Ok, so the title of this post may remind some people of a particular scene from the movie Talladega Nights: The Ballad of Ricky Bobby. But, that movie was not the inspiration. (However, as a point of trivia, did you know that I grew up and lived for 30 years only about an hour south of Talladega? And, I’ve never been to a NASCAR race.)
Jeremy points out the disparity in celebrating Christmas and Easter both in American culture and in the American church. Everyone loves to celebrate Christmas (for a month or more), but Easter seems to be an afterthought almost.
Of course, the real problem is not how we celebrate the “holidays” but what those holidays represent. As Jeremy says:
Did you ever realize that in Scripture, the birth of Jesus doesnâ€™t really matter a whole lot? Oh sure, Matthew talks about it, and Luke gives it some room, but other than those two Gospels, itâ€™s as if nobody cares about the birth of Jesus. No other author mentions the virgin birth. The star stops shining. The wise men disappear from the stage. Sure, the details of the birth of Jesus are critical, crucial, important, and necessary, but it still only gets a few short paragraphs in all of the New Testament. (Somewhere, I read the number of verses that talk about the birth of Jesus compared to the number of verses that talk about His resurrection, but I cannot find it right now. Anybody ever run across this?)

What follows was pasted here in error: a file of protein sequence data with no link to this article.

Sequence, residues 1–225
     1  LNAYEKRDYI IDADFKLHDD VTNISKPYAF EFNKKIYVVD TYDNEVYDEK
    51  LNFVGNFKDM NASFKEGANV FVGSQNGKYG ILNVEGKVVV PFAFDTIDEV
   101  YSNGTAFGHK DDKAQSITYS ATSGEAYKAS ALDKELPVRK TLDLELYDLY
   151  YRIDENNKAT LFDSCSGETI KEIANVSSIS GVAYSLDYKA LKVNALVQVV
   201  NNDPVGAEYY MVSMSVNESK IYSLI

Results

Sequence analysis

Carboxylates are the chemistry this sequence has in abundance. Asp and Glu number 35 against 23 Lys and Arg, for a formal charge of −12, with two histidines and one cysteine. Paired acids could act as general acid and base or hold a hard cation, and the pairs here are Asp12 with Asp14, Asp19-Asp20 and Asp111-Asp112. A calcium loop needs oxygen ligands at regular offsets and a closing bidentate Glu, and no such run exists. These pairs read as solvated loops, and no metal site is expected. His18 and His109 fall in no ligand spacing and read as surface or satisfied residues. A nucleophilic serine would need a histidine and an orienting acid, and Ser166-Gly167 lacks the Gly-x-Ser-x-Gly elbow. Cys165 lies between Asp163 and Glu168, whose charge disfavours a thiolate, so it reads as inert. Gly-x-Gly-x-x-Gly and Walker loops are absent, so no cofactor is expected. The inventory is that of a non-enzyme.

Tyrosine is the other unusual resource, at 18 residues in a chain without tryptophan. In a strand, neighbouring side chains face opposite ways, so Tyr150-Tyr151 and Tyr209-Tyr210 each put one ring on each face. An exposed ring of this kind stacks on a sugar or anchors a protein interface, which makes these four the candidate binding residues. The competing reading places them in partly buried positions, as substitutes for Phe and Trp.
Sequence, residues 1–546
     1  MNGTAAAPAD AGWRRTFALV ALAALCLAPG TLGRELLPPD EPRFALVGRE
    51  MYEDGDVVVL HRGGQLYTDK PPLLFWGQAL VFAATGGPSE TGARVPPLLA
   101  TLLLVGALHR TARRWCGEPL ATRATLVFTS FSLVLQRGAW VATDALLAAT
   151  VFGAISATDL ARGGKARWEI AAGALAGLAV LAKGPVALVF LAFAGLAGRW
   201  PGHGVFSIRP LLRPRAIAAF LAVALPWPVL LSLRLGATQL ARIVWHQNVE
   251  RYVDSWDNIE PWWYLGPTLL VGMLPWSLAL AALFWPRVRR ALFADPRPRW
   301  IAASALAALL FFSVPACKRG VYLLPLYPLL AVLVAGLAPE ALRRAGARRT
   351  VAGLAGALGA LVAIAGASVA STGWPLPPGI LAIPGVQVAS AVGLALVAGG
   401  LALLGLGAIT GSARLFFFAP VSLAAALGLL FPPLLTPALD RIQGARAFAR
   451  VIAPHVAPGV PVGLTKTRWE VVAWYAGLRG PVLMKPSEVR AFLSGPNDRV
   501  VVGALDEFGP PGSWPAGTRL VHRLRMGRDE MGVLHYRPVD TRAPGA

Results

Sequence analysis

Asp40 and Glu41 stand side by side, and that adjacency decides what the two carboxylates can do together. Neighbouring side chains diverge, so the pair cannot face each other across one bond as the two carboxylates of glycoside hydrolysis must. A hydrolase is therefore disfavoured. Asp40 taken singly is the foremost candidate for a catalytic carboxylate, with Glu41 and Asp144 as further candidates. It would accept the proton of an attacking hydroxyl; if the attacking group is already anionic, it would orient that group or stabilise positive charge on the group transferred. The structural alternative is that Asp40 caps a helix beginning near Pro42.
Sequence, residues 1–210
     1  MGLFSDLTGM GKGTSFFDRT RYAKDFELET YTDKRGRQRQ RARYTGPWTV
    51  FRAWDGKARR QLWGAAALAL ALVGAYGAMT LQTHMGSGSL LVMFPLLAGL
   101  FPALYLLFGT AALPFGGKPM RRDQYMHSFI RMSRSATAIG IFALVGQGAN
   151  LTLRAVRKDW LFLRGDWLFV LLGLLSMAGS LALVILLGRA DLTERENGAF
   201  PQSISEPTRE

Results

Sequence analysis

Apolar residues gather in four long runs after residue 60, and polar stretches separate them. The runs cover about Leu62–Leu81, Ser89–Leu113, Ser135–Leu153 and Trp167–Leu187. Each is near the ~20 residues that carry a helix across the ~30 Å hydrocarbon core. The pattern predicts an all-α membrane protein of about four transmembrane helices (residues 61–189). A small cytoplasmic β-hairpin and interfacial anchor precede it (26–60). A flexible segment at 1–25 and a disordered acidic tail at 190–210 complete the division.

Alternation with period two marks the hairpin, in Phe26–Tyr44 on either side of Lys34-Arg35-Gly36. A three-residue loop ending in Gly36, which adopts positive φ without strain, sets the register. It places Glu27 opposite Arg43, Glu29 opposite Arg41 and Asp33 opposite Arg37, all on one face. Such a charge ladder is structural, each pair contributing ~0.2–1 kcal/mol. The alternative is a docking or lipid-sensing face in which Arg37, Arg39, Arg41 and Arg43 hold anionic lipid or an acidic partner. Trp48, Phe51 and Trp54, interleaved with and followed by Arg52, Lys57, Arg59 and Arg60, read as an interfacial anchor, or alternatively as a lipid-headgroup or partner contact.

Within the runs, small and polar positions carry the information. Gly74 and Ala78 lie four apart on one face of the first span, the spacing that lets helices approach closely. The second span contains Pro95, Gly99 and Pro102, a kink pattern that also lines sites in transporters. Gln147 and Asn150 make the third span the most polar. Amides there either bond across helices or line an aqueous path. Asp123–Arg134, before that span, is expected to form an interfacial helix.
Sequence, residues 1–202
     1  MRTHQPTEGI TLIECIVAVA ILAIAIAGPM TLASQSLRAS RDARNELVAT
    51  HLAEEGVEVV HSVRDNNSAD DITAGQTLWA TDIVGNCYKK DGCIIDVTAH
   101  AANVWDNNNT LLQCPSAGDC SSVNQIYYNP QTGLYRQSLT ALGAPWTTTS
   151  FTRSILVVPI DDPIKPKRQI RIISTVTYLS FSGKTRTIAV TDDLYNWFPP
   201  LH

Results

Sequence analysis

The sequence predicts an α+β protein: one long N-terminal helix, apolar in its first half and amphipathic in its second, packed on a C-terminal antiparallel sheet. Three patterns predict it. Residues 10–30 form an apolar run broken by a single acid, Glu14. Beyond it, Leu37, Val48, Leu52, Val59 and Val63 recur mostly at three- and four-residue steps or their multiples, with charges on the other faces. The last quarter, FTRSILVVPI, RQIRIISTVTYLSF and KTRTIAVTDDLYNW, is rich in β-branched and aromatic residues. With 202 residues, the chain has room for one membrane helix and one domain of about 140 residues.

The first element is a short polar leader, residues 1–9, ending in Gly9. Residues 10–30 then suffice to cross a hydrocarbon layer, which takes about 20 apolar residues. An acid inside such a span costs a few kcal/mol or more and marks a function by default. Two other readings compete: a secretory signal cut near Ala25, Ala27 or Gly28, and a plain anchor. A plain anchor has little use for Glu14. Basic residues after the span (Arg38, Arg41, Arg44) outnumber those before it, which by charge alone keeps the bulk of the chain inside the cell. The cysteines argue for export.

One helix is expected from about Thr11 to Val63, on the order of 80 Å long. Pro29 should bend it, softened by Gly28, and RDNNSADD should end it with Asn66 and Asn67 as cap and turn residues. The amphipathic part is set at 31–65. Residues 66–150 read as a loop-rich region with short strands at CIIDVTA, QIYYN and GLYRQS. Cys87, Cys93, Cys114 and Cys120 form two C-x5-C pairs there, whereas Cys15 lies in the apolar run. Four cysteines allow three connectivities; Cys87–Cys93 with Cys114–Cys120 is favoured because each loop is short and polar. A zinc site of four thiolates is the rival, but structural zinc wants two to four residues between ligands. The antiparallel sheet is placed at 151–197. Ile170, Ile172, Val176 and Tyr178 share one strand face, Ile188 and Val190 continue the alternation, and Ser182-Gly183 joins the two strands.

The resurrection of Jesus, however, is mentioned in all four Gospels, appears in nearly every chapter of Acts, and finds its way into the center of Paulâ€™s thinking, Peterâ€™s sermons, and Johnâ€™s writings. It is almost as if the New Testament writers were saying, â€œThe birth of Jesus? Mehâ€¦. But the resurrection of Jesus? Now thatâ€™s the good stuff!â€
So, what do you think? Do we focus on the birth of Jesus too much, and do we not focus on the resurrection of Jesus enough?